Wednesday, March 18, 2020

''The Guardians''---A Look at Wrongful Imprisonment.

Author John Grisham's best-selling legal thrillers have featured wrongful imprisonment before, particularly ''An Innocent Man,'' based on a real case.

I just finished reading Grisham's newest book, ''The Guardians,'' and was struck by his depiction of several cases of wrongful convictions that had strong parallels to my own forty-two years of wrongful imprisonment. These cases often involve overzealous and corrupt cops and prosecutors, perjured testimonies of convicted felons and jailhouse snitches, withheld exculpatory evidence, and immunity from prosecution for guilty parties.

If you're the least bit interested in how I got to where I am, how easy it is to be an innocent person wrongfully convicted of murder, I strongly recommend ''The Guardians,'' by John Grisham. The dedicated fictional lawyers are based on a real group, ''Centurion Ministries,''
( ) in New Jersey, that has been responsible for scores of legal vindications.

I can only pray that my odyssey ends as positively as some of the fictional cases Grisham so expertly brings to life.


Saturday, March 14, 2020


"FDC Suspends Visitation at Correctional Institutions Statewide''

Officials exercise abundance of caution to protect inmates and staff from exposure to Covid--19 virus.

Tentative plans are to resume visits Sunday, April 5, 2020.


First Love

Carved a heart in the smooth bark
of a grapefruit tree
with a Boy Scout knife,
not as fancy as
a Swiss Army knife,
but its sharp blade served
for what I intended, a memorial,
an expression of the permanence
of First Love.

Days later I returned to our backyard
to verify my handiwork,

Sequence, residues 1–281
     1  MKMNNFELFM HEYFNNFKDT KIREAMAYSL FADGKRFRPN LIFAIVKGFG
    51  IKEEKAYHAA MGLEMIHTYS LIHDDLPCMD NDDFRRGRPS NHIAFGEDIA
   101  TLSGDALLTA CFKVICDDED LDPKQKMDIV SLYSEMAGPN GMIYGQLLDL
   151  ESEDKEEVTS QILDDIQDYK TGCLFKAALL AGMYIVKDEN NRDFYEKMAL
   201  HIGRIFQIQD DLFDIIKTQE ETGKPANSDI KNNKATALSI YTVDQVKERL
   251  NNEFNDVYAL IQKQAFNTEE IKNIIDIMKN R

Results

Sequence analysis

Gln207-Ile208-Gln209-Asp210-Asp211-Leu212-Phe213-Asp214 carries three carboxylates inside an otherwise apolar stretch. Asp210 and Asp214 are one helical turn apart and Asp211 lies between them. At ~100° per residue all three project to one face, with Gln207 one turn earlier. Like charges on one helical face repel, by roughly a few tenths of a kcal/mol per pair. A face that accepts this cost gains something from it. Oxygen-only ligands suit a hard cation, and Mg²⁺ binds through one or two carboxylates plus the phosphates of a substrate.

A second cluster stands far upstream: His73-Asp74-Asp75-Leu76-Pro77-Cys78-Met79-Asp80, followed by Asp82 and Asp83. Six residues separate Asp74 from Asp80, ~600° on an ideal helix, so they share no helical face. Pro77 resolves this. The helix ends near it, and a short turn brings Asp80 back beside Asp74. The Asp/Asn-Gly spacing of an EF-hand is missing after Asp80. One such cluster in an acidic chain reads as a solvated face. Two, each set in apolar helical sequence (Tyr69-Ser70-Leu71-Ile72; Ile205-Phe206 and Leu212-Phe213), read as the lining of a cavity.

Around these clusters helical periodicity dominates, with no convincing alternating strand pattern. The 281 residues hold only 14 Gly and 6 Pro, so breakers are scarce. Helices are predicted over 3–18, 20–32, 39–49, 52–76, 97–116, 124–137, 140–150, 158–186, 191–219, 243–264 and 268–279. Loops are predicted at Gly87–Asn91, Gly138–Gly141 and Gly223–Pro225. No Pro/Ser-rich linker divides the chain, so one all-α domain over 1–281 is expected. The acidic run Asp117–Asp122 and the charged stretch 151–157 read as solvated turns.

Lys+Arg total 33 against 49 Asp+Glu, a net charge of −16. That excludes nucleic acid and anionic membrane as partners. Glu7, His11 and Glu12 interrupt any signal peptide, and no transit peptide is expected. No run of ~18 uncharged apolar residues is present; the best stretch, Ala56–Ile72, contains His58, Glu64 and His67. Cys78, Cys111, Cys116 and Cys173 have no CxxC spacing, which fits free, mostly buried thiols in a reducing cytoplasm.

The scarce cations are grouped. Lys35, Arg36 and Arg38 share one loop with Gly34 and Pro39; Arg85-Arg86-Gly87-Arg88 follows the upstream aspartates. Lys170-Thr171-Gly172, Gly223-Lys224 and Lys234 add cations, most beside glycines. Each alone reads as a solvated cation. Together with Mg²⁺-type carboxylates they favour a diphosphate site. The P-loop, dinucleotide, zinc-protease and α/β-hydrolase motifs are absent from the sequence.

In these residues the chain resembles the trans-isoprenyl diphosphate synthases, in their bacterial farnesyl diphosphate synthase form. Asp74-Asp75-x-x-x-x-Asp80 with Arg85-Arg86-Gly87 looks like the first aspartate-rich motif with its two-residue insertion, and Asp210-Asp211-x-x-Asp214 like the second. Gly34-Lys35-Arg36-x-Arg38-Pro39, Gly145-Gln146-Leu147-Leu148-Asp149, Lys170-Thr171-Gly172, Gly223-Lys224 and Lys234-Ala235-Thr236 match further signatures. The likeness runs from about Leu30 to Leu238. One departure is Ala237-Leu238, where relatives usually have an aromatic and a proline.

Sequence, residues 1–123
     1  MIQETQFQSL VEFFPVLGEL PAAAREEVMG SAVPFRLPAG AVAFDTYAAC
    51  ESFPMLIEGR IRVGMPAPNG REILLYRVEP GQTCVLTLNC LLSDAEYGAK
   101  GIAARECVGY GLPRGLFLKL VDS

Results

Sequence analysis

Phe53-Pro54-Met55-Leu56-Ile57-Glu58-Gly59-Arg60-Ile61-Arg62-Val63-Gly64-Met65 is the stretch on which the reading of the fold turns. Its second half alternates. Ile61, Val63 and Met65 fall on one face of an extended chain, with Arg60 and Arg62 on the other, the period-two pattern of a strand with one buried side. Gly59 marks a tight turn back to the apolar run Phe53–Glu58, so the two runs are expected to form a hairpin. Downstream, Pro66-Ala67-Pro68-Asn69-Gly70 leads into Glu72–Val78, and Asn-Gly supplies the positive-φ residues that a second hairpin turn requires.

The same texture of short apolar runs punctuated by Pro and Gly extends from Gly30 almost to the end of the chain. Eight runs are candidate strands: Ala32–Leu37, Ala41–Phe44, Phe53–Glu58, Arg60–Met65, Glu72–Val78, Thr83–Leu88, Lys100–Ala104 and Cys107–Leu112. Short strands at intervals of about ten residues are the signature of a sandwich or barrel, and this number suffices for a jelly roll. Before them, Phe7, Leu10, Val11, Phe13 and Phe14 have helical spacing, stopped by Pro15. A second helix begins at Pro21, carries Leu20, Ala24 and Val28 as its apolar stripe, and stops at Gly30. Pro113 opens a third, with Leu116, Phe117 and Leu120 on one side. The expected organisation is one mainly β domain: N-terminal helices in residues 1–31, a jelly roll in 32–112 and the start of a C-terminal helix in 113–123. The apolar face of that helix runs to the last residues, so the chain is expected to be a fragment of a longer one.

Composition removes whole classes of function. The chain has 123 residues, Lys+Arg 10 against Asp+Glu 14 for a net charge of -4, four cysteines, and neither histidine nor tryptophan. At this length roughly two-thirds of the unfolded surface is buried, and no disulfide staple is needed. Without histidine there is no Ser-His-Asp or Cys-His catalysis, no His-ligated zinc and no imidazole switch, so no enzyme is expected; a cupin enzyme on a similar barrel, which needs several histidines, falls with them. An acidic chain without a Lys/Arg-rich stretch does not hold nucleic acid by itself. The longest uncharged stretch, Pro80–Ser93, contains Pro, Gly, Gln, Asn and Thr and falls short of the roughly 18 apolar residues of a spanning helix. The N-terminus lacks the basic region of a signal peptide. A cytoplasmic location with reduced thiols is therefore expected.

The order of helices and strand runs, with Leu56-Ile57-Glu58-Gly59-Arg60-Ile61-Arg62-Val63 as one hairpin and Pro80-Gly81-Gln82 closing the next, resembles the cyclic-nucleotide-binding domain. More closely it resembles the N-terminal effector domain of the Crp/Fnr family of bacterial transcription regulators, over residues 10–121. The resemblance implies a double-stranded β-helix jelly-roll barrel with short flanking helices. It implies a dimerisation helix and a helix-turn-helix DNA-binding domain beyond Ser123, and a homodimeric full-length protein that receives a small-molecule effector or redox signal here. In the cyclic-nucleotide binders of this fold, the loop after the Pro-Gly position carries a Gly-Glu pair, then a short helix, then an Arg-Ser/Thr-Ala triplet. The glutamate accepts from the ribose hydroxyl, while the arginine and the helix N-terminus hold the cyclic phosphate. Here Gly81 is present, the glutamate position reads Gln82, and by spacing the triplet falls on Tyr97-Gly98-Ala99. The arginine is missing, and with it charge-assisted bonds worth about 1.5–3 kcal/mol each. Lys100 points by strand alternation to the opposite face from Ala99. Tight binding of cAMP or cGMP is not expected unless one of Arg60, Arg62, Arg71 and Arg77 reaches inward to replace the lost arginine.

the gouges baring white wood beneath,
the heart shape clean and neat,
our initials enclosed, forever,
until we moved, left behind the heart
carved in the smooth bark
of a grapefruit tree.

She moved, too, First Love,
we wrote, for awhile, then
she went on her way,
and I went mine, north, south,
wondering whatever happened
to her, to me, to the Boy Scout knife,
to the grapefruit tree.
I've not been back, the grapefruit tree
is gone, the heart, too. So am I.

God's Table

a poem by Charles Patrick Norman

Sometimes in the dark
I will contemplate
the existence of Heaven,
as older people are prone to do,
'though I don't see pearly gates
or Elysian fields,
or harp-playing angels
wearing white clothes
and floating past on clouds.

Instead I see a long, wide
wooden table, dark mahogany,
covered by a white lace cloth,
plates of food, Sunday dinner,
piled high, with all my loved ones
gathered round, laughing
at a story shared by this uncle
or that one, a story of foolishness,
or fun, one of us the main character.

Everyone takes their turns,
their voices strong, playful,
telling stories of times gone by
when we were together,
thinking it would be forever,
pass the mashed potatoes, please,
A biscuit, some green beans?
God's Table, I call it,
that's my Heaven, for all time.

copyright 2020 by Charles Patrick Norman